Let's build the BlocklyProp code for programming your Tilt Tones musical instrument, and take a look at how it works.
Tilt Tones BlocklyProp Code
- Create a new project named Tilt Tones.
- Build the project shown below, and save it.
- Click the Load and run button (save code to EEPROM on your board).
- Tilt your board forward and backward, left and right. In each position, it should play a different tone and light a different LED for 500 milliseconds.
How the Tilt Tones Project Works
The 4-Directional Tilt Sensor uses two I/O pins; we connected to P14 and P15 in our project. The diagram below shows what each I/O pin will detect when the sensor is tilted in each direction, either a one or a zero. There are four output states for the sensor: binary 11 = 3, binary 10 = 2, binary 01= 1, and binary 00 = 0.
The code begins with a set multiple pins block. It is configured to set the directions for I/O pins P14 and P15 to IN (input), so the Propeller can receive signals from the Tilt Sensor.
The next task is to initialize and fill two arrays, each with four elements. Why four elements? One for every output state that the Tilt Sensor can provide. The LED array holds the I/O pin numbers for the LED circuits built on the breadboard. The Note array holds four different frequencies, which will be used to play notes on the piezo speaker.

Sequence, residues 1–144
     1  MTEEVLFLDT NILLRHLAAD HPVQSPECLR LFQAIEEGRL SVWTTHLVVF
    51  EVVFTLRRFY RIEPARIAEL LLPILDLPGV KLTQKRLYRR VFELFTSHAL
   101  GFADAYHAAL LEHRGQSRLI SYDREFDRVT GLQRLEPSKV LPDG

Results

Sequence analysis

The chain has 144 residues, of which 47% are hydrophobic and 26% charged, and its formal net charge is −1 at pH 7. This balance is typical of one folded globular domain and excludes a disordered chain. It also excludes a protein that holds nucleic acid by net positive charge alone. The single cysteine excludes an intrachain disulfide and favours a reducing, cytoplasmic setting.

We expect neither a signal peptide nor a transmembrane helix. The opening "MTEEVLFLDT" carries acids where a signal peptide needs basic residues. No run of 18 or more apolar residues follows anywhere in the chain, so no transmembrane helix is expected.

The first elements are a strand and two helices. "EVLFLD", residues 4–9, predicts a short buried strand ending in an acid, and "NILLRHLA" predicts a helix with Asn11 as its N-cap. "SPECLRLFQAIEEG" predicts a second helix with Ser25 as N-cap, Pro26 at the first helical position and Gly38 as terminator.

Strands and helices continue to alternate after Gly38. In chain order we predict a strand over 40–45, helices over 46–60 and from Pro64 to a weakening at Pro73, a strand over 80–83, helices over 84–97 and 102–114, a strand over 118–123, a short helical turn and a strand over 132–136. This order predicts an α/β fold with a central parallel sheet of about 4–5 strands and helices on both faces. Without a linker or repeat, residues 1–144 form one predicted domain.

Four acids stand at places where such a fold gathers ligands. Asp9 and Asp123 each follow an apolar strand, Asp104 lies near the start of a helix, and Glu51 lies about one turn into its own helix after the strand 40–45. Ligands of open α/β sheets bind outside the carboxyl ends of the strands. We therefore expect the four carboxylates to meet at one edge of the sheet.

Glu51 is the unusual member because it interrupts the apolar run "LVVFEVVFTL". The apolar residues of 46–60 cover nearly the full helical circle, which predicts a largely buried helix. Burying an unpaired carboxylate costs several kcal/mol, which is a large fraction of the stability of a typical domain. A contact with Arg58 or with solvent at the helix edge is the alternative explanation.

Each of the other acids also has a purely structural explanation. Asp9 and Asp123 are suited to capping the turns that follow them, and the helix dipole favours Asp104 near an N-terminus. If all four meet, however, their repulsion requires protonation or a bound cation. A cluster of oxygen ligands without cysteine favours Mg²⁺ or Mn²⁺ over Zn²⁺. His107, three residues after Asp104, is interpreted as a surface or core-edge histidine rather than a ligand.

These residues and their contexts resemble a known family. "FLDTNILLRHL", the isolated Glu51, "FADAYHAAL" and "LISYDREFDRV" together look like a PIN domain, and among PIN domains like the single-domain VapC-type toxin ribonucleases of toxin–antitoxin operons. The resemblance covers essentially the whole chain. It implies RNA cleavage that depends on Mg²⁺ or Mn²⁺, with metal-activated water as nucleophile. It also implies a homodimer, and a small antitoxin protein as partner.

Then, two set variable blocks declare and initialize variables. First, you will set the beat variable to 500, and it will be used later when playing tones. The index variable gets an initial value of zero, and it will be used to access array elements.
The action happens inside a repeat forever loop. The binary get pins block reads the input states of a contiguous group of I/O pins, and the state of each I/O pin becomes a bit in a binary number. The highest I/O pin number provides the most significant bit. Our block uses P15 and P14, so the possible values are binary 11 = 3, binary 10 = 2, binary 01= 1, and binary 00 = 0. In this way, the output state of the Tilt Sensor is stored as a binary number in the index variable.
Now, the freshly-set index variable will be used to select the element at the value of that position from the LED and Notes arrays in the next three blocks. For example, if you tilt the board towards you, P14 and P15 both detect 0, making the value of index 00, which means it grabs element 0 from the array.
To turn on an LED, the index variable is put inside a get array [LED] element block, which is inside a programmable make PIN block. Using the above example, the 0th element in the LED array is 4, so the LED on P4 lights up when this block sets it high.
To play a note, the index variable is used inside the get array [LED] element block, which is inside a frequency out block. To continue with the example, the 0th element of the note array is 1175. That frequency plays for 500 ms - the value of the beat variable used in the duration (ms) field.
After the note plays, the loop finishes with a second make PIN block. Like the first one, it uses the indexed array [LED] element, setting the I/O pin low to turn off the LED off before the loop repeats.